Regular Expressions with Python: Examples of common functions

Regular Expressions are tools to filter and grab information from a heap of strings. Python has got a lot of toys to deal with it. The module "re". I am going to give you a quick ride through it. The ones that we use/gonna use the most.

So just immediately launch your favourite IDE and type "import re". Let's get started.

for the object r where r =, subject),

r.start() - Gives the start point where the match was found.
r.end() - Gives the end point where the match was found. - Returns the full matched string - Returns the matched string for the 1st group - Returns the matched string for the 2nd group

And so on....

Note : is same as

The number of groups available depends on the number of groups used in your pattern.


>>> regex = r"([a-zA-Z]+) (\d+)"
>>>, 'July 4')
<_sre.SRE_Match object at 0x0000000002E4D140>
>>> r =, 'July 4')
>>> r.end()
>>> r.start()
>>> 'July 4'[0:6]
'July 4'
>>> 'July 4'[0:5]
'July '
'July 4'

Traceback (most recent call last):
  File "<pyshell#12>", line 1, in <module>
IndexError: no such group


>>> r = re.findall(regex, 'July 4 August 10 Sept')
>>> r
[('July', '4'), ('August', '10')]

Same example with findall...observe how we got two results since there are two patterns in the string .

Noteworthy : If you are using groups with findall, then the result will be a list containing tuples as above.
But if you are just using single regex (no grouping), the result will be a list with strings .


>>> re.findall('\w+', 'July 4 August 10')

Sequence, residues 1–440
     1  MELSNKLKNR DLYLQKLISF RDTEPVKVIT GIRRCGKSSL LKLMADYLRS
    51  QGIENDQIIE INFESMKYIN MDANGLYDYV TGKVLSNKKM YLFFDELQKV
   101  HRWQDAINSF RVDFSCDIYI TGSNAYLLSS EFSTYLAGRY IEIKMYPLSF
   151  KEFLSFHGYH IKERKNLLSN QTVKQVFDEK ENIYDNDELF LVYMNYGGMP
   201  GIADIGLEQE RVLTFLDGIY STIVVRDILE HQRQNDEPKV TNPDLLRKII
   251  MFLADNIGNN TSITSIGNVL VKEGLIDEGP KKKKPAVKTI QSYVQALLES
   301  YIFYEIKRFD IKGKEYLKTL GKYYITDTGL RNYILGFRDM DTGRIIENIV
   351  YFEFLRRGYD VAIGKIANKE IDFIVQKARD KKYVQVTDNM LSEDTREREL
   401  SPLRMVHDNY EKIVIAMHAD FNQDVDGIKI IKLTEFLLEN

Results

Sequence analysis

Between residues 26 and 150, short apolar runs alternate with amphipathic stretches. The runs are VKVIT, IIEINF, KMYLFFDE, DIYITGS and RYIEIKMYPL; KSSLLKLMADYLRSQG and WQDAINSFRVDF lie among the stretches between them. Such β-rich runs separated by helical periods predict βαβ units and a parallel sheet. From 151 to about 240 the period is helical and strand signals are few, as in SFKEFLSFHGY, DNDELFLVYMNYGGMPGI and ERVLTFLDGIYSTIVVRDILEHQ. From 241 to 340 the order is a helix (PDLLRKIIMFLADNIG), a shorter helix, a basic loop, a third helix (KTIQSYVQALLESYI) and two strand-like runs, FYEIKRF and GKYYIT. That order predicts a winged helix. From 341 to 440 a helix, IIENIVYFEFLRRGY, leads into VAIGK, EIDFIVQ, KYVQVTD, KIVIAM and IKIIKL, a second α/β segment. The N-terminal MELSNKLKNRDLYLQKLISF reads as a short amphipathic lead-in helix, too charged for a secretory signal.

['July', '4', 'August', '10']


The finditer returns an iterator of re.MatchObjects.

>>> it = re.finditer('\w+', 'July 4 August 10')
>>> for i in it:
        print 'July 4 August 10'[i.start():i.end()]

>>> for i in it:



If you want to repeat searching with a common pattern , its better to create a separate object (known as compiled regular expression object).

Python official help says:

Compile a regular expression pattern, returning a pattern object.

>>> patt = re.compile('abc')

Lets use the 'patt' object now.

>>> r ='abcXYZabc1234hjhjkabc')
>>> r.start()
>>> r.end()

Things to note:
  • Search only needs a target search string as argument. 
  • Functions start() and end() returns the start index number , and end return the position as i + 1 starting from 0.
Now what if you want to know if there are more matches possible in the same string with our pattern.

>>> r ='abcXYZabc1234hjhjkabc', 1)
>>> r.start()
>>> r.end()

As you can see, I can now traverse in the string to find all possible matches.


If you want to replace some text that matches a certain pattern , the re.sub functions comes handy.

So by the syntax, we need to provide a pattern , then a text to be replaced if a match is found, and a target string. Let's see a simple example.

>>> string = "Let have a big party on my birthday"
>>> re.sub('(?<=\s)\w', 'X', string)
"Let's Xave X Xig Xarty Xn Xy Xirthday"


  • We have a sentence. I want to replace all first letters with some letter only if that letter has a space before it. 
  • The pattern : (?<=\s)\w finds all letters that have a space before it. 
  • 'x' is the thing to be replaced with.
  • The variable "string" is the target. 
  • The result shown is the return of the re.sub(). It needs to be stored if you want to use it. The variable "string" remains unchanged.

Popular posts from this blog

Why should you visit Kashmir sooner?

CNTLM in Office

Rajasthan: The Best backpacking destination in India